Cropping images#

When working with microscopy images, it often makes limited sense to process the whole image. We typically crop out interesting regions and process them in detail.

from skimage.io import imread, imshow
image = imread("../data/blobs.tif")

Before we can crop an image, we may want to know its precise shape (dimensions):

image.shape
(254, 256)

Recap: Visualization using imshow:

imshow(image)
<matplotlib.image.AxesImage at 0x2990e248520>
../_images/03_Cropping_images_6_1.png

Cropping images works exactly like cropping lists and tuples:

cropped_image1 = image[0:128]

imshow(cropped_image1)
<matplotlib.image.AxesImage at 0x2990e347190>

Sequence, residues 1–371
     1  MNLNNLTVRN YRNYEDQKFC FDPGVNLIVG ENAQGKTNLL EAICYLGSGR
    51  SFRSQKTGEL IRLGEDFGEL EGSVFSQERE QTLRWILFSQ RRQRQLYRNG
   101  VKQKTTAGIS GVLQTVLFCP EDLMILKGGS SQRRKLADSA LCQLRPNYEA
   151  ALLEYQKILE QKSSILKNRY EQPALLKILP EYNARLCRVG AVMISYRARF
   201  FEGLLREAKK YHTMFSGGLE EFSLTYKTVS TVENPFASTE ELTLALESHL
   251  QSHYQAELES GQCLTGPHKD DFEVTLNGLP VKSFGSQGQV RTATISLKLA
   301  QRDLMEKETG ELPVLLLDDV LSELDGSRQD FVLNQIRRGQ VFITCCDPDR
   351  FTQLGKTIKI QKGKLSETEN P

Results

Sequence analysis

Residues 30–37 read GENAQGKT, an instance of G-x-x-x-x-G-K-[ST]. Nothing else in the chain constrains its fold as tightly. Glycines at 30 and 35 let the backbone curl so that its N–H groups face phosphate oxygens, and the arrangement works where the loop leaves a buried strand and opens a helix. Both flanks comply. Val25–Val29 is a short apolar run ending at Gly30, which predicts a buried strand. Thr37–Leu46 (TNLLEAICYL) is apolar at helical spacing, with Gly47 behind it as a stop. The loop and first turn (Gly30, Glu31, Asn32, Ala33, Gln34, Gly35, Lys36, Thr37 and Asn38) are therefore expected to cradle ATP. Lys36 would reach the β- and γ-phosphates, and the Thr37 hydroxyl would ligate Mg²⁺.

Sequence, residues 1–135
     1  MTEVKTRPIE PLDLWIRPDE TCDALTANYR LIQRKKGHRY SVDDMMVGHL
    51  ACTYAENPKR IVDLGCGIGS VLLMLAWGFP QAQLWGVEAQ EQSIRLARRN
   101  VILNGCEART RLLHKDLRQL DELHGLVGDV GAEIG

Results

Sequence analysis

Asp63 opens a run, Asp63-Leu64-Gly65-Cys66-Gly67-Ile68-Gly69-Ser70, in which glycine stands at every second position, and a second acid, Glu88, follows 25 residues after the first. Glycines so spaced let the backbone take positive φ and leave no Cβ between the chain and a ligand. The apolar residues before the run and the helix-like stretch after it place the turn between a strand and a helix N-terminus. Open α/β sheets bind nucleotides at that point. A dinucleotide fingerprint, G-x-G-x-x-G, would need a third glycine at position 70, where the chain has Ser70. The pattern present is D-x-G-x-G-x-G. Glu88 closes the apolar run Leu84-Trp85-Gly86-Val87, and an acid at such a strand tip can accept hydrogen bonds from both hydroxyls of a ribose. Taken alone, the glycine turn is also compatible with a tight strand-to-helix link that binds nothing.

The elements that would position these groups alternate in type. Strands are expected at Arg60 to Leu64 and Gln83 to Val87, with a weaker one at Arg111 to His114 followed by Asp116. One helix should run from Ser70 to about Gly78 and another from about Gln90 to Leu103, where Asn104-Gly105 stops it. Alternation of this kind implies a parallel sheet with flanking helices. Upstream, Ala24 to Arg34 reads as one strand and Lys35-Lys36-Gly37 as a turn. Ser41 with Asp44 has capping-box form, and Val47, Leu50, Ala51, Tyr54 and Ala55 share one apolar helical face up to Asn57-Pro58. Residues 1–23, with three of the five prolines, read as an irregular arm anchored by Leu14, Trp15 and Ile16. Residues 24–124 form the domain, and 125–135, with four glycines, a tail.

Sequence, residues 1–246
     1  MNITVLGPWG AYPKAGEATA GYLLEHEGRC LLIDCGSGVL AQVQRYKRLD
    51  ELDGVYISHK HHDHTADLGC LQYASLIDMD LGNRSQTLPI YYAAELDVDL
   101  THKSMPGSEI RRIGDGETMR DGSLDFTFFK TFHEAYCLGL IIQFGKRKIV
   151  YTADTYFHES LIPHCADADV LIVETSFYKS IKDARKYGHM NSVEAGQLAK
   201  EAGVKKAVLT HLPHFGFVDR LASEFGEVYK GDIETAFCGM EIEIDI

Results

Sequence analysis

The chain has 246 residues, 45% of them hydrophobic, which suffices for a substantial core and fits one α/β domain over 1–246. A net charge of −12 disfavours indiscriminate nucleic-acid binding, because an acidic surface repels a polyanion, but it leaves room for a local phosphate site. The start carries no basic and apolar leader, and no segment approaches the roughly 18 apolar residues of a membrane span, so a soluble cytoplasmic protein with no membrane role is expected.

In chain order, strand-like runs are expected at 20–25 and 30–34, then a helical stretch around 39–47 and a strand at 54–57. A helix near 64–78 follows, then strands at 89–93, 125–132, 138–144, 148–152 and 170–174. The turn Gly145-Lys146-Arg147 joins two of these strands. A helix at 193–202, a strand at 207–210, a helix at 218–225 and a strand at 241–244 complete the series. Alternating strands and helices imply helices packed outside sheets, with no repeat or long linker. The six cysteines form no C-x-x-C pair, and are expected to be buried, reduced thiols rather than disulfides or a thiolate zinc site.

../_images/03_Cropping_images_8_1.png

To crop the image in the second dimension as well, we add a , in the square brackets:

cropped_image2 = image[0:128, 128:]

imshow(cropped_image2)
<matplotlib.image.AxesImage at 0x2990e3b6280>
../_images/03_Cropping_images_10_1.png

Sub-sampling images#

Also step sizes can be specified as if we would process lists and tuples. Technically, we are sub-sampling the image in this case. We sample a subset of the original pixels:

sampled_image = image[::5, ::5]

imshow(sampled_image)
<matplotlib.image.AxesImage at 0x2990e416f10>
../_images/03_Cropping_images_12_1.png

Flipping images#

Negative step sizes flip the image.

flipped_image = image[::, ::-1]

imshow(flipped_image)
<matplotlib.image.AxesImage at 0x2990f453160>
../_images/03_Cropping_images_14_1.png

Exercise#

Open the banana020.tif data set and crop out the region where the banana slice is located.